Hunters hoping to bag an alligator this year have just a few more days to apply for a permit.
Alligator season is coming up, but hunters can’t just take any gator from any place. There are limits and rules, said Greg Waters, the alligator program coordinator for the Georgia Department of Natural Resources.
The 2012 alligator hunting season is Sept. 1 through Oct. 7.
The deadline to apply for an alligator permit for the 2012 season in Georgia is July 31. Hunters must apply for an alligator quota hunt online with the Georgia Department of Natural Resources’ Wildlife Resources Division before midnight on that date, said John Bowers, the assistant chief of Game Management for the Wildlife Resources Division.
Selected hunters will receive a temporary harvest tag, or permit, and information packet by mail in early August.
“The alligator hunt is consistently one of the most popular quota opportunities in Georgia, with thousands applying each year,” Bowers said.
Waters said the alligator population in Georgia is healthy and growing, but they are still protected.
“Those who are selected should have a great crop of animals,” Bowers said. “We have seen numerous alligators reaching anywhere from 11 to 13 feet and longer.”
Georgia has nine alligator zones. Bulloch, Bryan, Evans, Effingham and Candler counties are in Zone 8, while Zone 9 includes Burke, Emanuel, Jenkins and Screven counties.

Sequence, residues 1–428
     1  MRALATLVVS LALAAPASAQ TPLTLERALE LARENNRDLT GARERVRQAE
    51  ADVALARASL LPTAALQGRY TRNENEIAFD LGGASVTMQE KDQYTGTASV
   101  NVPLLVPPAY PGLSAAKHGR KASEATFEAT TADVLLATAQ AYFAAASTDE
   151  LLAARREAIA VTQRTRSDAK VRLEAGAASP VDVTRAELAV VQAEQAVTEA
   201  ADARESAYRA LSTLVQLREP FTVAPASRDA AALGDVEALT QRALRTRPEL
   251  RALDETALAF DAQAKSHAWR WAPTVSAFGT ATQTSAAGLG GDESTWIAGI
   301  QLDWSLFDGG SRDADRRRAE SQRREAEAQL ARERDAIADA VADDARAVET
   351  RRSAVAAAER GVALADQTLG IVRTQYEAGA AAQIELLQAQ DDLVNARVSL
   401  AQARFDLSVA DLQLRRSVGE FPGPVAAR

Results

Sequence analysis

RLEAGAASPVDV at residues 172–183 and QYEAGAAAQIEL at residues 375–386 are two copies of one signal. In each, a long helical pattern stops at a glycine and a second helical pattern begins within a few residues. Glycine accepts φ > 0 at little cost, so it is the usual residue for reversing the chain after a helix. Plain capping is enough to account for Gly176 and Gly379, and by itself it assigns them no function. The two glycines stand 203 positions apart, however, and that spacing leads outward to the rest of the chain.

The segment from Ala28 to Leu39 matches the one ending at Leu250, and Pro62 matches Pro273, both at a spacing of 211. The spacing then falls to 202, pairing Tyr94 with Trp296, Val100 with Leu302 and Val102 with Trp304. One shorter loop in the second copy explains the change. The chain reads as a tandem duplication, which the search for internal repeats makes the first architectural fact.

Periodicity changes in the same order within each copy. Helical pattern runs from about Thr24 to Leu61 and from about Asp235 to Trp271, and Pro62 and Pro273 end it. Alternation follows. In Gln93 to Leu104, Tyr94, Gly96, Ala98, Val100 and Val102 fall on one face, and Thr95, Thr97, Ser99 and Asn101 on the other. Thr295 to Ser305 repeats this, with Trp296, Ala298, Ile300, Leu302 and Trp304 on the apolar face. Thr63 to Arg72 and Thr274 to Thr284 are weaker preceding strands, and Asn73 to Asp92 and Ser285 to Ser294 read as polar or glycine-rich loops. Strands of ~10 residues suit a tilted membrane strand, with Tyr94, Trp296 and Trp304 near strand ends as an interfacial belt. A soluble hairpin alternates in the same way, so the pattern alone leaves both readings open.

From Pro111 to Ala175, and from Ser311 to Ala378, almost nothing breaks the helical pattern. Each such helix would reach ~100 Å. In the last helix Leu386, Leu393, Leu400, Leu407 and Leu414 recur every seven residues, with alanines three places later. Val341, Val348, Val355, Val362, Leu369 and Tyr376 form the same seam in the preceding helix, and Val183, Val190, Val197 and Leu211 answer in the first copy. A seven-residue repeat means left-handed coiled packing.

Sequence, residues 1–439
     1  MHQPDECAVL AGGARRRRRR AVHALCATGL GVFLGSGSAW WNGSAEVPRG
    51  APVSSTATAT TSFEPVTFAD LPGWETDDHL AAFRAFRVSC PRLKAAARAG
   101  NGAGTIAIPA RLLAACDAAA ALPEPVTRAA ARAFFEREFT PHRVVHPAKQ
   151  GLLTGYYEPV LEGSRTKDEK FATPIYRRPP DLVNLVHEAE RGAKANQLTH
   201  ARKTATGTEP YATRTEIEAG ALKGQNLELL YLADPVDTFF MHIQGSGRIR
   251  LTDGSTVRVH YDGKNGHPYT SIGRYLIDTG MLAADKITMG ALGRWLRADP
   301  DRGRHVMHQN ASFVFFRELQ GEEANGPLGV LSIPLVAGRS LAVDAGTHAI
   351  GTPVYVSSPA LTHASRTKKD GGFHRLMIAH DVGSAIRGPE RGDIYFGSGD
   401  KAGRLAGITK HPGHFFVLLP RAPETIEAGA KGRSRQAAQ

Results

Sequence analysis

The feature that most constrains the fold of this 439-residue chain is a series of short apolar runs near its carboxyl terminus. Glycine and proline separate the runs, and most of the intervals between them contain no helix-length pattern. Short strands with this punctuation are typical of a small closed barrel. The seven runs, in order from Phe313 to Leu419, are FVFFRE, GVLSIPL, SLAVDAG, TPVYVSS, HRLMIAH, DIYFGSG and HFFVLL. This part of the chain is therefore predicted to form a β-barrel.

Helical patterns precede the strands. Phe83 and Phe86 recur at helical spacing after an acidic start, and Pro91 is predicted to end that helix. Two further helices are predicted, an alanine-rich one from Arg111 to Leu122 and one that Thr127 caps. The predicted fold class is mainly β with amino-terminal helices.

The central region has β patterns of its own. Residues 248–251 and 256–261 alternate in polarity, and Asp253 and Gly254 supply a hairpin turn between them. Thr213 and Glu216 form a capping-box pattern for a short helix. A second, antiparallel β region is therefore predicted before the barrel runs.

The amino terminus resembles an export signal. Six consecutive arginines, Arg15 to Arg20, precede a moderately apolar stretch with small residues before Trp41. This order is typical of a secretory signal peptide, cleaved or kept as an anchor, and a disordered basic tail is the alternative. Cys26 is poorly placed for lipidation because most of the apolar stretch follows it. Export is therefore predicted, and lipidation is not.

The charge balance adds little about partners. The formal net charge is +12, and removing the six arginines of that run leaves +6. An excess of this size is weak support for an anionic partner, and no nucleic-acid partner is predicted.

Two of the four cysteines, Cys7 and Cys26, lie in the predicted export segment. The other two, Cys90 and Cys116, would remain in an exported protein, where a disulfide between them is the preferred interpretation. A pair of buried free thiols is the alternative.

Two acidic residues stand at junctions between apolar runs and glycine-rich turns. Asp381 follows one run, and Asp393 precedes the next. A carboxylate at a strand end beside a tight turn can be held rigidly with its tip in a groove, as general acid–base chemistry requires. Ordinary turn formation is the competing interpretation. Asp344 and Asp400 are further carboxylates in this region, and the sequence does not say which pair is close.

Bowers said that of the top five largest gators harvested in each zone last year, all were 11 feet or longer.
“The top 12 alligators overall were more than 13 feet long -- the longest being 13 feet, 9 inches from Decatur County,” he said. “The heaviest alligator harvested weighed 860 pounds and was taken in Quitman County.”
To apply for a permit, visit georgiawildlife.com/hunting/quota and follow the directions, including creating an account if needed.
The cost of an alligator permit is $50, and hunters also will need to have a small game license, Waters said.
Out-of-state hunters who are selected through a lottery process must pay $200 for a permit.
Those who have problems with alligators in their ponds or near their homes should remember that shooting the reptiles without a permit is illegal.
“In Bulloch County, you should call the DNR office in Fitzgerald and tell them about your complaint,” Waters said
If the alligator is less than 4 feet long, DNR won’t bother it, as it doesn’t pose a threat to humans or pets.
But anything larger, and rangers will either relocate the gator or have a licensed trapper remove it.
The Fitzgerald DNR Wildlife Resources office may be reached at (229) 426-5267.
For more information on alligator season or other hunting issues, visit www.gohuntgeorgia.com.
Holli Deal Bragg may be reached at (912) 489-9414.